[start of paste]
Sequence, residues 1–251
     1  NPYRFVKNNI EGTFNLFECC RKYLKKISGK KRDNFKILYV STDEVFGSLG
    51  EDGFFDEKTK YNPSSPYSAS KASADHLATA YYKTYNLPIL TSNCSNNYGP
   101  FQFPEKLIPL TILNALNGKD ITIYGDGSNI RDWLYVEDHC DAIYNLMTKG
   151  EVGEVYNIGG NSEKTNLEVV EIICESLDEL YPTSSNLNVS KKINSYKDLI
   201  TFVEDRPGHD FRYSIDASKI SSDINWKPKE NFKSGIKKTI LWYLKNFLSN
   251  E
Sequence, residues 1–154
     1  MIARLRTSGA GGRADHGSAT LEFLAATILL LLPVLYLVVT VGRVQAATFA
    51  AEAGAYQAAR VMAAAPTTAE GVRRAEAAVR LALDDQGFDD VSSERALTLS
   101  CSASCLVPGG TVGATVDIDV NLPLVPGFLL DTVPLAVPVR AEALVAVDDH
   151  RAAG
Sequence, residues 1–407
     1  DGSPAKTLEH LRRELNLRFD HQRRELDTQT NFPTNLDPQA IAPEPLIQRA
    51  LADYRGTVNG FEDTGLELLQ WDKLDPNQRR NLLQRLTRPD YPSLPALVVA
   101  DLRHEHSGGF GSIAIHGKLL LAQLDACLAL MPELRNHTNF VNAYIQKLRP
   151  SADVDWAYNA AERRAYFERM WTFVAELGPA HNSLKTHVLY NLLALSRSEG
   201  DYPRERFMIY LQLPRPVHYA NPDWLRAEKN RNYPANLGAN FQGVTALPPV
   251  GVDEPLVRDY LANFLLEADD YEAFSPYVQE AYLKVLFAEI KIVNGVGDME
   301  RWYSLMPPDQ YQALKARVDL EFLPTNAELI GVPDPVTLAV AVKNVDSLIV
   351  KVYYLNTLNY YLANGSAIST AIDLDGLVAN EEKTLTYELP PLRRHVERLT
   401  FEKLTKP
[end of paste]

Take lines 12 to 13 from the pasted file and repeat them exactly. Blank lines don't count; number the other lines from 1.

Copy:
   151  RAAG
Sequence, residues 1–407